AAV-Vectors for Treatment of Glycogen Storage Disorders


Adeno-Associated Virus Vectors for the treatment of glycogen storage disease, particularly glycogen storage disease type Ia, are disclosed. Glycogen storage disease type Ia (GSD-Ia or von Gierke disease) is caused by a deficiency in glucose-6-phosphatase-alpha (G6Pase-alpha or G6PC). Patients affected by GSD-Ia are unable to maintain glucose homeostasis and present with fasting hypoglycemia, growth retardation, hepatomegaly, nephromegaly, hyperlipidemia, hyperuricemia, and lactic academia. There is currently no cure for GSD-Ia deficiency disorder. NIH investigators have constructed a novel gene therapy vector by placing the G6PC gene in a novel virus-based vector, named ssAAV-G6PC-GPE. The expression of G6Pase-alpha in ssAAV-G6PC-GPE is directed by the human G6PC promoter/enhancer at nucleotides -2864 to -1 (GPE) and this vector also contains an intron. The G6pc-/- mice treated with ssAAV-G6PC-GPE vector exhibited normal levels of blood glucose, blood metabolites, hepatic glycogen, and hepatic fat. This vector was compared with a dsAAV-G6Pase vector which differed from the NIH vector that it is double stranded and contained much smaller G6PC promoter. The results showed that the ssAAV-G6PC-GPE vector directed significantly higher expression of G6Pase-alpha and achieved greater reduction in hepatic glycogen storage while better tolerating fasting conditions. The results also showed that the enhancer elements upstream the human G6PC minimal promoter contained within the ssAAV-G6PC-GPE vector are responsible for the increased efficacy in treating GSD-Ia mice.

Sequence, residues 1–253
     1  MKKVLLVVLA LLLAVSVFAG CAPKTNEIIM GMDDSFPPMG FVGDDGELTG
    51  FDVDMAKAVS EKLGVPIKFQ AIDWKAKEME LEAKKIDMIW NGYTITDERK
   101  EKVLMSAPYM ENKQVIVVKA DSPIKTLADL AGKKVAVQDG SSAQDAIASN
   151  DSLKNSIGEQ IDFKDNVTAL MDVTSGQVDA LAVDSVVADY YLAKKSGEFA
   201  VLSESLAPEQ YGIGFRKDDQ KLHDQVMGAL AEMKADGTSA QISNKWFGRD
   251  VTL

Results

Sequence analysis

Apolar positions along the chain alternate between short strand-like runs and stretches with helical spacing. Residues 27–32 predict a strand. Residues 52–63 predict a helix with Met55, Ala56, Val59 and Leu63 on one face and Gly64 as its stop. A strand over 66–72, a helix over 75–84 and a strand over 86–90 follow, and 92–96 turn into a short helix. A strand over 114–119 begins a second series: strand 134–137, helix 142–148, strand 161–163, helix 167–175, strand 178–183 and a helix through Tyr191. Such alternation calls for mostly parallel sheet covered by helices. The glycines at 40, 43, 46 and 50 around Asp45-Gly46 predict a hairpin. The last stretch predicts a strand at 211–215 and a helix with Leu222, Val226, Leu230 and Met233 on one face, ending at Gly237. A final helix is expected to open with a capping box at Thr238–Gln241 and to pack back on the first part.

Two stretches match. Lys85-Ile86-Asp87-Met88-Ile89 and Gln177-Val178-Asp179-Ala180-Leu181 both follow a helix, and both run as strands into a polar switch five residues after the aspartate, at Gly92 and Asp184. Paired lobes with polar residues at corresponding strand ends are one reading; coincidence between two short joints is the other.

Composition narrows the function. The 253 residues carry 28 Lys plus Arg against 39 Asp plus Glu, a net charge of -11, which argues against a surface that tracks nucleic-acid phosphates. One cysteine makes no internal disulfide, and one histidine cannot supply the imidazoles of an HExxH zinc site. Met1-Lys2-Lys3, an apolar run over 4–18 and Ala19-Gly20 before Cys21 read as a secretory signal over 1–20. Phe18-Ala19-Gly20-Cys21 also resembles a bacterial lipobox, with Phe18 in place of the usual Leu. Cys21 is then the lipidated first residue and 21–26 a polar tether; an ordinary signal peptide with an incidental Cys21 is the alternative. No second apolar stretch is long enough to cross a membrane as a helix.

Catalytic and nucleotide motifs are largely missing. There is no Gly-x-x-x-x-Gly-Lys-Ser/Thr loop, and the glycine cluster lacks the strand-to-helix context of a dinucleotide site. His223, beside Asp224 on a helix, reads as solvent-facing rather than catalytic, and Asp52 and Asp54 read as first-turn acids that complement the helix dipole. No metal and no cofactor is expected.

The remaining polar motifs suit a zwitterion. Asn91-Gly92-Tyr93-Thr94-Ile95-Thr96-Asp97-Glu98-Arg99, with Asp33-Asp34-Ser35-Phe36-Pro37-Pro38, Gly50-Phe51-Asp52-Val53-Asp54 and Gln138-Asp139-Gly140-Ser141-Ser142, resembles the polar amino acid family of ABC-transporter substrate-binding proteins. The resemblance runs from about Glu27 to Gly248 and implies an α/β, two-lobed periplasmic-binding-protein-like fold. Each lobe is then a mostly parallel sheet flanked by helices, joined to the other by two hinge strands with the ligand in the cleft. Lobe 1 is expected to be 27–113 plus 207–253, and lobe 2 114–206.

Potential Commercial Applications: Competitive Advantages:
  • Gene therapy for glycogen storage disorders, specifically caused by the deficiency of G6Pase-alpha.
 
  • Comparative studies showed that the ssAAV-G6Pase-GPE vector is more efficacious than other candidate therapy vectors.


Development Stage:
  • In vitro data available
  • In vivo data available (animal)


Inventors:

Janice Chou (NICHD)  ➽ more inventions...


Intellectual Property:
U.S. Pat: 9,644,216 issued 2017-05-09
US Application No. 61/908,861
PCT Application No. PCT/US2014/067415
US Application No. 15/493,622
US Application No. 16/148,435

Publications:
Lee YM, et al. PMID 23856420

Licensing Contact:
Surekha Vathyam, Ph.D.
Email: vathyams@mail.nih.gov
Phone: 240-276-6865

OTT Reference No: E-552-2013-0
Updated: Aug 6, 2014